A game of skill

LED Zeppelin is a game of patience. It's like getting a kite into the air. It goes up slowly but the slightest mistake will bring it down like a lead balloon.

The name of our game, LED Zeppelin, is a play on words. It comes not from the pop group of the same name but from Graf Von Zeppelin, a German who invented the first rigid air ship in 1900.
The association fits perfectly. The game consists of six LEDs and an indicator LED that flashes at a rate of about 2 cycles per second. A push button is the "Operations Control" and by carefully pushing the button in synchronisation with the flashing LED, the row of LEDs will gradually light up.
But the slightest mistake will immediately extinguish one, two or three LEDs. The aim of the game is to illuminate the 6 LEDs with the least number of pushes.

A close up of the completed LED Zeppelin

LED Zeppelin Circuit

The circuit consists of a three-inverter CMOS clock-oscillator driving Q8 that flashes the LEDs on and off. The other output from the oscillator is used to charge up the 470u electrolytic C2, via R3.
The output from pin 3 is in the form of a square wave only slightly less than the supply voltage and is about 7.5v to 8v in amplitude. The frequency at which the circuit works is governed by R1, R2 and C1 and is approximately 2Hz. Charging of the 470u electrolytic is exponential so that initially the voltage increments on the capacitor will be high when it is beginning to charge. Each time the button is pressed a small amount of energy is fed into C2. This voltage appears at the base of Q1. Q1 is connected as an emitter-follower and the same value of voltage will appear at the emitter, less 0.6v base-emitter voltage drop.
This voltage is then fed to the base of six transistors Q2 to Q7 that drive LEDs 1-6 via current limiting resistors. Each of these transistors will turn on according to the voltage on the 470u electrolytic.
When the voltage rises to 0.6v, Q1 will turn on. For Q2 to turn on its base must be .6v higher than the emitter. Q2 has a forward-biased diode in its emitter and the voltage drop across it will be .6v. The base of Q2 must be .6v above the emitter, making it .6v plus .6v or 1.2v This means the voltage on C2 will be .6v plus .6v plus .6v or 1.8v for the first LED to be fully lit.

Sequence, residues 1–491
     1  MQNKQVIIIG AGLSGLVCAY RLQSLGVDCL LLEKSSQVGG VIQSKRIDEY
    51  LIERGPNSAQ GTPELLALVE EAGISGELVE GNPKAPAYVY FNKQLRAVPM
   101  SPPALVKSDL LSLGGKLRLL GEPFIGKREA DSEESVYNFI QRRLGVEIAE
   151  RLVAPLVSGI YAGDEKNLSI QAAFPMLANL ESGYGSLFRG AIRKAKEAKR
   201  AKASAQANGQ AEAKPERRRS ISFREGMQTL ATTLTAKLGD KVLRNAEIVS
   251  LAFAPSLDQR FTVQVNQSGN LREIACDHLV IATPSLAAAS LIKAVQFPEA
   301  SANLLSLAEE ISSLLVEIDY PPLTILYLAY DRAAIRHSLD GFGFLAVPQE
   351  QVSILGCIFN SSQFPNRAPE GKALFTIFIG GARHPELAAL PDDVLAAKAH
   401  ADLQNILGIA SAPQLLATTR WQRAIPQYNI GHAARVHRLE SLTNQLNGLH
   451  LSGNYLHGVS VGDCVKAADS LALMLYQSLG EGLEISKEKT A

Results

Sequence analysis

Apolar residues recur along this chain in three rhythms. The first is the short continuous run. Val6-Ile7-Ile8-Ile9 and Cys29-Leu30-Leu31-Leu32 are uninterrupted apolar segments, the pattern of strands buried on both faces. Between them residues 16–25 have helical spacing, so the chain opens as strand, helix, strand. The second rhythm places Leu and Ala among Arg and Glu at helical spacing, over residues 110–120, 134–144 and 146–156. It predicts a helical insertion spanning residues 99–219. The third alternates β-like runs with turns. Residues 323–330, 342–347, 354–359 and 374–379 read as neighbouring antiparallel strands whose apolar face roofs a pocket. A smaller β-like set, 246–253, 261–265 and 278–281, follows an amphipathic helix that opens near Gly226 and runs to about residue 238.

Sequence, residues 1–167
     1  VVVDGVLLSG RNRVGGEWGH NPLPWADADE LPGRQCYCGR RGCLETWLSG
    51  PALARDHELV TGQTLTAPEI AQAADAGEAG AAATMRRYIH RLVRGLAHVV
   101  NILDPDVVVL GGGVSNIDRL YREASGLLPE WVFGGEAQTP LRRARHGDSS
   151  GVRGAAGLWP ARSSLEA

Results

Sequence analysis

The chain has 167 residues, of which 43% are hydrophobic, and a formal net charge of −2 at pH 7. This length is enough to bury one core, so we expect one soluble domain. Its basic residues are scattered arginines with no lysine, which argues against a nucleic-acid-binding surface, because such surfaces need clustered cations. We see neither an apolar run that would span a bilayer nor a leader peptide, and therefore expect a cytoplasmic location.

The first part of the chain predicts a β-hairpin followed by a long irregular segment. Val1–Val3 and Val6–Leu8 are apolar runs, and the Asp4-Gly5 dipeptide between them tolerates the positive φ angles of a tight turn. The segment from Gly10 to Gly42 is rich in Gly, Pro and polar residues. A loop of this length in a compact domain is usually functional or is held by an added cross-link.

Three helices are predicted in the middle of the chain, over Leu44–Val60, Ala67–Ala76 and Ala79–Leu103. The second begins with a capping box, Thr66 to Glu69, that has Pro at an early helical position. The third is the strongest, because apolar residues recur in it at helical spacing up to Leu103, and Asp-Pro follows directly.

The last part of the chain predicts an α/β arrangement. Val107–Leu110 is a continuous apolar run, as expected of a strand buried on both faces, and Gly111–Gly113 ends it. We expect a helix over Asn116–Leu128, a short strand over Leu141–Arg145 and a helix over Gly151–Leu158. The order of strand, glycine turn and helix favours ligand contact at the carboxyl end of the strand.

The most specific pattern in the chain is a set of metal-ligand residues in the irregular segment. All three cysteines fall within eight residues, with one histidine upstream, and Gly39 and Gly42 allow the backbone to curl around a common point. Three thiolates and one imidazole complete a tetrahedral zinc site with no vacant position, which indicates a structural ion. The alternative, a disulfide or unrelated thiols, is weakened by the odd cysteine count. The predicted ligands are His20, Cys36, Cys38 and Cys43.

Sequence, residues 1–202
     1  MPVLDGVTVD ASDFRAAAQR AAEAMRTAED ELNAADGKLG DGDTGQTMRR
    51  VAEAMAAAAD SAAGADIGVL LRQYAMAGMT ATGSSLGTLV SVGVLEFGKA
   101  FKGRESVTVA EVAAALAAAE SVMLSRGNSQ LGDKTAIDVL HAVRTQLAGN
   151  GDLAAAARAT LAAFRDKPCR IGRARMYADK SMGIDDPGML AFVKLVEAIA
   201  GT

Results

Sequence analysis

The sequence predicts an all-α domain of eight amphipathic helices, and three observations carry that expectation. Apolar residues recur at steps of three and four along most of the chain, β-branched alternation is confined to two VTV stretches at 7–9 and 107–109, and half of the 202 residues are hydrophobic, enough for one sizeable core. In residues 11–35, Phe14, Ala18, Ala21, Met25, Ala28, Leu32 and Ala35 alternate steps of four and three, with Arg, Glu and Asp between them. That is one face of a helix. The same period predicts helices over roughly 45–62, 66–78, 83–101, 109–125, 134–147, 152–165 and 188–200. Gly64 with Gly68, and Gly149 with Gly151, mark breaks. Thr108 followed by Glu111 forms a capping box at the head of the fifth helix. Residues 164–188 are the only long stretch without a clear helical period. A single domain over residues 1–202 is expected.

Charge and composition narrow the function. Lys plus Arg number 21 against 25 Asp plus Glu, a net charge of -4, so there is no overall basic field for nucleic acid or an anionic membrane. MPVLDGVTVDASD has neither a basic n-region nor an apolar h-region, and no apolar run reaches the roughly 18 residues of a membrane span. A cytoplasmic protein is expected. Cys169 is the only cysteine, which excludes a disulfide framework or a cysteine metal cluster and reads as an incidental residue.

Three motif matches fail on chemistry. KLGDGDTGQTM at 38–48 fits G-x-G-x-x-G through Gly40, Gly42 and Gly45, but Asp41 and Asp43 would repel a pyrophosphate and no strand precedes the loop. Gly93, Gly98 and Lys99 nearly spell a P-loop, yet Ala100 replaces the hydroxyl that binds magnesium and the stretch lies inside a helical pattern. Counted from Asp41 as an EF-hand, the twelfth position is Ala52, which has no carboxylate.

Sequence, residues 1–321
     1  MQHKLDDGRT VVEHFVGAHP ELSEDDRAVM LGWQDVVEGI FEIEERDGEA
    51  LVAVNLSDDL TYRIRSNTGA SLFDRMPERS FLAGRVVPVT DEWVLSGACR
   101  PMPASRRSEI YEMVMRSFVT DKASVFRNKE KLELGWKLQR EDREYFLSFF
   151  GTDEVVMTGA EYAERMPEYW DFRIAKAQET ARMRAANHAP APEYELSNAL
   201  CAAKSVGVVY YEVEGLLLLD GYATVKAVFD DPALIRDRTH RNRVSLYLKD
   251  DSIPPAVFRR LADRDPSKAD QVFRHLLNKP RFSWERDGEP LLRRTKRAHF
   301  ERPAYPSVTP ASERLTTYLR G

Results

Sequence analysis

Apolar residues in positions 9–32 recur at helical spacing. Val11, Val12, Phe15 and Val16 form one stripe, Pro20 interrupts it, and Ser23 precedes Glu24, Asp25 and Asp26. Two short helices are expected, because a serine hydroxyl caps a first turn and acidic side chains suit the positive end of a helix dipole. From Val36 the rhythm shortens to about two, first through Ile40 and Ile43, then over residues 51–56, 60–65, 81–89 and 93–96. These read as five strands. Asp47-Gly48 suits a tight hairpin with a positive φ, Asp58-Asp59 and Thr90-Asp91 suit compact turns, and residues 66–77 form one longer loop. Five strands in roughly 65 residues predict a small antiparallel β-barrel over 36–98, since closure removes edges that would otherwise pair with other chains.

The emitter of Q3 is connected to the base of Q2 so that a further .6v will turn it on. At each successive .6v rise the next transistor in the chain will turn on until finally Q7 will turn on. This transistor drives the top LED that is the highlight of the game. When you have LED 6 pulsing you really feel a sense of achievement.
Should the button be pressed when the oscillator is low, diode D1 is forward biased and the charge on C2 will rapidly discharge through R4. Since the voltage increments become smaller as the 470u becomes fully charged, to light the top LED requires significantly more pushes than LEDs 1 and 2.
If, however, the button is pushed too long, the discharge will be greatest when the capacitor is nearing full charge and an error here will lose the gain made by many pushes. This is where the skill of the game comes in. The charging of the capacitor is "out of phase" with the flashing of the LEDs. This means the button must be pressed when the LEDs are extinguished. To turn the game off or restart it, push the button when the LEDs are lit. This will remove the charge on C2 and eventually every LED will go out.

Some of the terms used in our articles may be new to some readers.
We have used universally recognised symbols and standard component identification.